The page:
The Holden Commodore has been a mainstay of General Motors dealerships in Australia and New Zealand since the 1970s. GM’s success with the Commodore led to variations on this reliable sedan around the world. Australian partnership EV Engineering took the Commodore in a new direction by converting several units into all-electric vehicles. This conversion project progressed last week with a 24-hour test by EV Engineering between Port Melbourne and Geelong. EV Engineering made history by traveling a record-breaking 1,172-mile path in 21 hours and 8 minutes.
A design team at EV Engineering swapped out the Commodore’s engine and automatic transmission for a powerful EV drive. A 30 kWh battery pack provided by SB LiMotive was paired with a 145 kW electric motor from UQM Technologies. Bosch and Samsung developed battery cells for the pack that could be removed or replaced easily. These components fit neatly in the space left by the engine while electronic controls replace the gasoline tank. EV Engineering also included a single-gear transmission that simplified the driving experience during the 24-hour trial.
The Society of Automotive Engineers Australasia provided oversight of this road trial, thus boosting the significance of EV Engineering’s achievements. A team from SAE Australasia equipped the vehicle with a GPS unit to track total distance. This device also ensured that a single vehicle was used throughout the trial though EV Engineering was allowed to substitute driving teams every 75.8 miles. SAE Australasia certified that the all-electric Commodore did not use another fuel source and traveled within the rules of the road. These criteria legitimize EV Engineering’s efforts to create an EV drive system that eliminates range anxiety for consumers around the world.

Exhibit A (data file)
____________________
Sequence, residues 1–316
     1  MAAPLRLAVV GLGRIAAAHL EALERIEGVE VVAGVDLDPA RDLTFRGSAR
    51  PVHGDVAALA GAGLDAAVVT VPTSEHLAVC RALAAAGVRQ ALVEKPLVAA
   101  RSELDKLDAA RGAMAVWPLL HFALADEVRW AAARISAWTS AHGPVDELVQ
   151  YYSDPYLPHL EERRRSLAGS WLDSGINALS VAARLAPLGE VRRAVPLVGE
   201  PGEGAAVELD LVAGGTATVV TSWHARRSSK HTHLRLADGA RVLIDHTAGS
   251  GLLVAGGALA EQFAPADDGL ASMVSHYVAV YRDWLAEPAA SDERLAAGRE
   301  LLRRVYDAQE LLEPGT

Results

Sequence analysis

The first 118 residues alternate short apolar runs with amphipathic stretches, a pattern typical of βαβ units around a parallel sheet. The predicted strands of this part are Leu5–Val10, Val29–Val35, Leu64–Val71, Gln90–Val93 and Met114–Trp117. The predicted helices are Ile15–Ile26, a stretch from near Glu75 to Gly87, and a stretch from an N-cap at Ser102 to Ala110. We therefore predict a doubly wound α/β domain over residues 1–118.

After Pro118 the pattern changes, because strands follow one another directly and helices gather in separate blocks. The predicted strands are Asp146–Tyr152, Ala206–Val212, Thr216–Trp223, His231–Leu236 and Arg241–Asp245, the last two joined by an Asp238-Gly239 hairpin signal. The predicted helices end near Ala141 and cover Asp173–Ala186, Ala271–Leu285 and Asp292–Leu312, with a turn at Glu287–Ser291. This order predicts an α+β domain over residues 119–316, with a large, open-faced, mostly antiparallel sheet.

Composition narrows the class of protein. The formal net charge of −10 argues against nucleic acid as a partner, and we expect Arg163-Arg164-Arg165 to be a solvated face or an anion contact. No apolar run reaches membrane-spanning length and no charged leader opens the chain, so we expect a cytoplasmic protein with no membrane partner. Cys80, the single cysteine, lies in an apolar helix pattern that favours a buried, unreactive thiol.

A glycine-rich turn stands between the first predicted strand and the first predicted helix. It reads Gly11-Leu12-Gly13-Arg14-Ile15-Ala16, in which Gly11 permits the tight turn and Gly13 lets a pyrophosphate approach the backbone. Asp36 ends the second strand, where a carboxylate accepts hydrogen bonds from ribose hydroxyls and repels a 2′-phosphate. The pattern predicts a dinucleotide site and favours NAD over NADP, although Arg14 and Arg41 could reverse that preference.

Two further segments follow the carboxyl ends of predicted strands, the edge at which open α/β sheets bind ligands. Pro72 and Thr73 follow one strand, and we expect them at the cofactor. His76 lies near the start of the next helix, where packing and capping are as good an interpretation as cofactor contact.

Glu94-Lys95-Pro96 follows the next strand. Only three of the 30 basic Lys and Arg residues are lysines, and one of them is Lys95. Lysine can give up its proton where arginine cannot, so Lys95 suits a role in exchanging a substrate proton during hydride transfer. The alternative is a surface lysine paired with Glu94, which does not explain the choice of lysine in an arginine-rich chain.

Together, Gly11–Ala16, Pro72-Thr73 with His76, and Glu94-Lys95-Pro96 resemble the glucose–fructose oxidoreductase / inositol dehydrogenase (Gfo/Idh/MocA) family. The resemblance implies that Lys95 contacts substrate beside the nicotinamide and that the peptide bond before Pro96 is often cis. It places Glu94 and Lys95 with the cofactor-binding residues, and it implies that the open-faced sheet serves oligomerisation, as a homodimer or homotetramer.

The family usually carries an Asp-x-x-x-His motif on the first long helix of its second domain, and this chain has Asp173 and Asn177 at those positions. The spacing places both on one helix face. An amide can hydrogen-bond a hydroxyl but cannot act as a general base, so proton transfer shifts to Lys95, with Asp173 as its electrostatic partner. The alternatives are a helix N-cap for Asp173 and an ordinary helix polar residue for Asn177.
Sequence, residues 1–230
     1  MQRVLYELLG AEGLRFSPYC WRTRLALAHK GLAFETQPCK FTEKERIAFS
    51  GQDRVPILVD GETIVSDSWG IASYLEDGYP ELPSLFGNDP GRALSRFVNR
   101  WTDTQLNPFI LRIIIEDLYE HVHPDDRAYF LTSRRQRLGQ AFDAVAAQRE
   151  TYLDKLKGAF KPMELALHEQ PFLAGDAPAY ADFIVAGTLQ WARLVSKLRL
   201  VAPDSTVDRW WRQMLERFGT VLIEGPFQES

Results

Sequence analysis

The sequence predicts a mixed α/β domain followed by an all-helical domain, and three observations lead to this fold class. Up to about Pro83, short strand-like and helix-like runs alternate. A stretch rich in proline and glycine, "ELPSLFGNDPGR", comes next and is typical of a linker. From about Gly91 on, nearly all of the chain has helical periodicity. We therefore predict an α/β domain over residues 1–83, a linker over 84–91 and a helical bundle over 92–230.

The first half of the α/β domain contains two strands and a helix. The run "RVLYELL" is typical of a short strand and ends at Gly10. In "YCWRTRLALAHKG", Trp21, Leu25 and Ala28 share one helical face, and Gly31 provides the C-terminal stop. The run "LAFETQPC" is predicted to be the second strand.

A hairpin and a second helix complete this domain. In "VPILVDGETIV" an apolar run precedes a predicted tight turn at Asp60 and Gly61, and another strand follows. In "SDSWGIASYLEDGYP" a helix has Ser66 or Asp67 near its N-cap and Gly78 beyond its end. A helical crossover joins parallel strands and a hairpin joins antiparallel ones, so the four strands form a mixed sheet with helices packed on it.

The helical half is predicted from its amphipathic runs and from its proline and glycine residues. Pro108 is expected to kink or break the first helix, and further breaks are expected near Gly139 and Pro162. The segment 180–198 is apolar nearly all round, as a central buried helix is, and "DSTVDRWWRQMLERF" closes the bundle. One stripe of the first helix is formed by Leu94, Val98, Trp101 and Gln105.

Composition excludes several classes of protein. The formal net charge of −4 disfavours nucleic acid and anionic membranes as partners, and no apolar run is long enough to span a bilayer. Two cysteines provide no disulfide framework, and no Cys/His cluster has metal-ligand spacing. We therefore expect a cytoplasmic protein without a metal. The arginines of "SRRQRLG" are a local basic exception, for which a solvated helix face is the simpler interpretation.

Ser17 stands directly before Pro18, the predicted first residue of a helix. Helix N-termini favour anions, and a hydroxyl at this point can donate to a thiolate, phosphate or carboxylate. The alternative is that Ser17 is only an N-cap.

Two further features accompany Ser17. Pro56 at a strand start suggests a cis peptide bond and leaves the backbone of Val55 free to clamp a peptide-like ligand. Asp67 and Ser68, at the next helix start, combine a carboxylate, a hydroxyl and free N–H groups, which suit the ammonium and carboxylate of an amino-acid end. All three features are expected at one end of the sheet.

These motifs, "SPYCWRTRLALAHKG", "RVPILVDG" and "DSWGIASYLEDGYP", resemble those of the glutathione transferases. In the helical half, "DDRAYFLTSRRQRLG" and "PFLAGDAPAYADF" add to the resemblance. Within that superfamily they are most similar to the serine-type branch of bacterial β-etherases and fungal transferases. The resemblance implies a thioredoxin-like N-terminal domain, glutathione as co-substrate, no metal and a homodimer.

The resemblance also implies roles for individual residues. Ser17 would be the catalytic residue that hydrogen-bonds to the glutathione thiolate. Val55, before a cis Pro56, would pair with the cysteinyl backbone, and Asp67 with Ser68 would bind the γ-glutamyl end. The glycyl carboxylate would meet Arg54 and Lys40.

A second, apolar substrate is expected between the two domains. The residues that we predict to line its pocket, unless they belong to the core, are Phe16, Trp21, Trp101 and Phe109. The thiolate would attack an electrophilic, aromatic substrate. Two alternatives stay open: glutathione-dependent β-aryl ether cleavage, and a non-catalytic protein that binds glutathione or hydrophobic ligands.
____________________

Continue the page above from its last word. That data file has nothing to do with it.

Performance metrics accumulated during the trial show the potential for EV Engineering’s approach to EV conversions. An estimated traveling distance of 99 miles per charge was touted prior to the trial. Driving teams covered 75.8 miles before stopping at battery switching stations with remaining battery power averaging around 20%. A total of 15 batteries were used during the trial and EV Engineering noted that a range between 75 and 93 miles was likely in real-world conditions. Drivers interested in recharging rather than swapping batteries could use standard outlets for overnight charges or an optional quick-charge feature.
EV Engineering was established by international partners including General Electric, Better Place, Bosch and Continental. The founding purpose of EV Engineering was to produce an EV concept that could function in the Australian market. A successful trial run for the retrofitted Holden Commodore allows participants to advance toward entry in the market. EV Engineering finished production on seven plug-in Holden Commodores in late July to demonstrate commercial viability. These vehicles could drive up to 27,000 miles each during an upcoming two-year test. Better Place produced a more modest version of the company’s Battery Switch Station in anticipation of a future rollout. The Green Car Innovation Fund created by the Australian government holds more than $3 million in reserve to subsidize early phases of the rollout.